Writing your personal statement for the AMCAS application can be daunting. Although most students focus mainly on GPA and MCAT scores, the personal statement is a very important component of your application and should be carefully written. It is your opportunity to share with admissions committees things about you that are not noted in other sections of your application.
The AMCAS essay is limited to 5300 characters (~1 page). If you are applying for a dual-degree program (e.g., MD/PHD), you will be required to submit additional essays: the MD/PhD essay (3000 characters) and the Significant Research Experience essay(10000 characters).
The Pre-Health Advising Office recommends you have several different people objectively read your personal statement and provide constructive feedback. Your letter-writers are often a great option. There are also resources on campus that can assist you, such as the Career Center, the UGA Writing Center or Elizabeth Hughes (Honors Pre-Health Advisor).
What should be included?
Use the AMCAS essay as an opportunity to distinguish yourself from other applicants. Consider and write your essay carefully.
Some questions you may want to consider while writing this essay are:
- Why have you selected the field of medicine?
- What motivates you to learn more about medicine?
- How have you demonstrated your interest and commitment to your decision?
- What experiences have allowed you to develop the skills necessary to be successful in medical school and to become an effective physician?
- Did you have any exposure to role models who influenced your decision? Which of their attributes inspired you?
- Are your perceptions of the medical profession realistic?
- What are your professional goals?
- Is there anything you wish for medical schools to know about you that hasn't been disclosed in other sections of the application?
In addition, you may wish to include information such as:
- Unique hardships, challenges, or obstacles that may have influenced your educational pursuits.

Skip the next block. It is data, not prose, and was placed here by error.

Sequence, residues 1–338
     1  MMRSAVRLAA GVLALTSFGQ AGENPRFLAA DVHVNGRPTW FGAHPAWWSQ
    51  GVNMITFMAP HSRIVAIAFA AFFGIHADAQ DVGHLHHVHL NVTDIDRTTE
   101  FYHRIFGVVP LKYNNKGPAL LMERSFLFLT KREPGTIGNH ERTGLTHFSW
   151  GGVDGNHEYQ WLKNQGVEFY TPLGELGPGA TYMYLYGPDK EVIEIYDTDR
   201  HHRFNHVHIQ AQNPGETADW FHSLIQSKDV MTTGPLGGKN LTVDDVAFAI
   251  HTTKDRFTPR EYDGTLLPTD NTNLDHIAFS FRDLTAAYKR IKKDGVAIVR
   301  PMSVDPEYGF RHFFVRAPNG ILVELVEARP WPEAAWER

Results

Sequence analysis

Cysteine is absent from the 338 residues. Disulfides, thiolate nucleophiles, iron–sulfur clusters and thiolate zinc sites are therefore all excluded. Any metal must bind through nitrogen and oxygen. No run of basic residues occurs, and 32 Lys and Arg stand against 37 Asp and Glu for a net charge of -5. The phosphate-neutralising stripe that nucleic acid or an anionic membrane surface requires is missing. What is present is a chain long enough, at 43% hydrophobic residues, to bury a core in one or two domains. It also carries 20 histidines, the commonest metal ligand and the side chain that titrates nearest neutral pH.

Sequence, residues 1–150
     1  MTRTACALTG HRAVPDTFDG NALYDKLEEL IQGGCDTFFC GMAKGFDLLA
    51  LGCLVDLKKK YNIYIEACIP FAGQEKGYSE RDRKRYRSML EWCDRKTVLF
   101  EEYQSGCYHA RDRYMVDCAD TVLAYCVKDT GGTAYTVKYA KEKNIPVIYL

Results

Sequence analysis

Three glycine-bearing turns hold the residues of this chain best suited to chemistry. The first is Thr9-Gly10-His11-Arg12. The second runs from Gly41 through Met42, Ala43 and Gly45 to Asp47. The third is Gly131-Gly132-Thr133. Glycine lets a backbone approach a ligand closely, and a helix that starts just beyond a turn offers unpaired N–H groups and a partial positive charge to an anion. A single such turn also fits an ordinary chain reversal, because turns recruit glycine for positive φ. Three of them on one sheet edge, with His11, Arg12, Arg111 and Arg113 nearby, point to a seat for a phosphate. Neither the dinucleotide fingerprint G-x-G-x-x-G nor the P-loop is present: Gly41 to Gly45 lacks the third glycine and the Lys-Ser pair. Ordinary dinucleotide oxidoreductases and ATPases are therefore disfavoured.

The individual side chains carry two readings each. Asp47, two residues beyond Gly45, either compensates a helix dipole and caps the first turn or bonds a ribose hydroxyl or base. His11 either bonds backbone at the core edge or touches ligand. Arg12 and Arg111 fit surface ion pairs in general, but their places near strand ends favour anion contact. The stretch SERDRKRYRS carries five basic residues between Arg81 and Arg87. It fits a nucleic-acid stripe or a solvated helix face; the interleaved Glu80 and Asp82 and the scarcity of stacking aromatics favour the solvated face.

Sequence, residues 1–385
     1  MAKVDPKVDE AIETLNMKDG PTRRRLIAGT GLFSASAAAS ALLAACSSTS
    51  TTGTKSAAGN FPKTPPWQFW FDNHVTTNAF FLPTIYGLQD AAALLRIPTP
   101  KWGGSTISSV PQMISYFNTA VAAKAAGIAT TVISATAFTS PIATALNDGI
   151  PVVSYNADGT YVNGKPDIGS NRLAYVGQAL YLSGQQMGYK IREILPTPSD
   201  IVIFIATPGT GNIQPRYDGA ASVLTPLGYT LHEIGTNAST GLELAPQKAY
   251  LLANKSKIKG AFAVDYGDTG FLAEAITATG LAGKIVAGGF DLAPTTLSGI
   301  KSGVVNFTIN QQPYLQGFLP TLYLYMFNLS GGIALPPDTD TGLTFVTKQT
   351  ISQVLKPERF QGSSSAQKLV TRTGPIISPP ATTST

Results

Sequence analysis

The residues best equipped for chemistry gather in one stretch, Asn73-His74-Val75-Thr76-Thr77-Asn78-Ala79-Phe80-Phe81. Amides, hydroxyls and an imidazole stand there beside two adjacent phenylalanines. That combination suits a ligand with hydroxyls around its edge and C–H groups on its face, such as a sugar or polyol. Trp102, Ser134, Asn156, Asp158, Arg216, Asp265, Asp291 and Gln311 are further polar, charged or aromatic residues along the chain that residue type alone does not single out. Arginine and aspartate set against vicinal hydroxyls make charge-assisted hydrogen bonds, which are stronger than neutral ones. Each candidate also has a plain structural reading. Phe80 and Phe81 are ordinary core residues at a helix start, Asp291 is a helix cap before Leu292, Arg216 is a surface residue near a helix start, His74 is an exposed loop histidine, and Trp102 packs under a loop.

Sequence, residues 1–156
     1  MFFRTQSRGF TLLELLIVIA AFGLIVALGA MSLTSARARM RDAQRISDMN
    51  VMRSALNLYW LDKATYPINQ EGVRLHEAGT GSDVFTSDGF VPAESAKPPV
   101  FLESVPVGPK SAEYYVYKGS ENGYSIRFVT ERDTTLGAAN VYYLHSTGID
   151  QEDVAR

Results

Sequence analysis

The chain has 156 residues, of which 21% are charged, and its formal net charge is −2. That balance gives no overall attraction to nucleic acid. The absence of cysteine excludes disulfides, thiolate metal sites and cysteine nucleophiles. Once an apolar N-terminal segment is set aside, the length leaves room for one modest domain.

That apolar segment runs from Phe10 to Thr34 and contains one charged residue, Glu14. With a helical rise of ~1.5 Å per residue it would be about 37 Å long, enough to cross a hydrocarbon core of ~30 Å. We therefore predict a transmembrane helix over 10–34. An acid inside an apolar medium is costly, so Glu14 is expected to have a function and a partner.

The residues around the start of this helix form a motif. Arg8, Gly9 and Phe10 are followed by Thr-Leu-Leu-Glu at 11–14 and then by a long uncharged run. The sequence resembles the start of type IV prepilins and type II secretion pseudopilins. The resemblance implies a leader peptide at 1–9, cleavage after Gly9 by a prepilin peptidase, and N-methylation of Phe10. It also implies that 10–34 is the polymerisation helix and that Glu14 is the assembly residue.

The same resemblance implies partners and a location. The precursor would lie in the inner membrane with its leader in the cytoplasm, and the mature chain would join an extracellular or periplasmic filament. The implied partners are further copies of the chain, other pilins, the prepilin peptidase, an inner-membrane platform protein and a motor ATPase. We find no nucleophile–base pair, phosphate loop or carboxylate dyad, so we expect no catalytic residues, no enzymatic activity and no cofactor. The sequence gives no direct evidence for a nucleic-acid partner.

- Commentary on significant fluctuations in your academic record that are not explained elsewhere in your application.
What should NOT be included?
- Avoid cliches: How many times do you think admissions committees have read the phrase, “I want to become a physician because I like science and I want to help people”?
- Avoid being vague: "[Insert experience] was challenging and rewarding." What does that mean? Be specific about what was impactful and how it affected you.
- Avoid brash decision-making: Your decision to become a doctor should be the result of a series of thoughtful, conscious, and reflective decisions. NOT an instantaneous realization. Similarly, you have not “always known” that you want to be a physician. No one is "born to be a doctor." Nothing is innate, you have to work for it.
- Avoid excuses: In general, there are better uses for your personal statement than explaining away and justifying poor grades, incidents of misconduct, etc. However, if you choose to address these subjects, be sure to focus on what you have learned from those incidents and how your experiences have made you a stronger person. Never, ever blame anyone else for your mistakes.
- Avoid restating resume: Choose ONE or TWO significant and distinguishing experiences to elaborate upon.
- Avoid grandiosity: Claiming that you plan to cure cancer (or HIV, or healthcare disparities, or anything else) shows a grave lack of understanding of whatever problem you are planning to solve. Similarly, avoid “I know what it is like to be a physician from [shadowing/clinical volunteer experience].” No, you do not. That is precisely why you are hoping to go to medical school.
- Avoid inflammatory or controversial topics: You do not know the values, beliefs, and background of the person who is reading your essay. For these reasons, it is advisable to avoid making any strong statements regarding politics, religion, and other polarizing topics. Be extremely cautious to avoid expressing any views that could be construed as derogatory to any group. Additionally, your beliefs are not the only “correct” beliefs.
- Do not lie: Honesty and ethical behavior are the hallmarks of being a physician. Do not include details that you are not prepared to talk about or are simply untrue.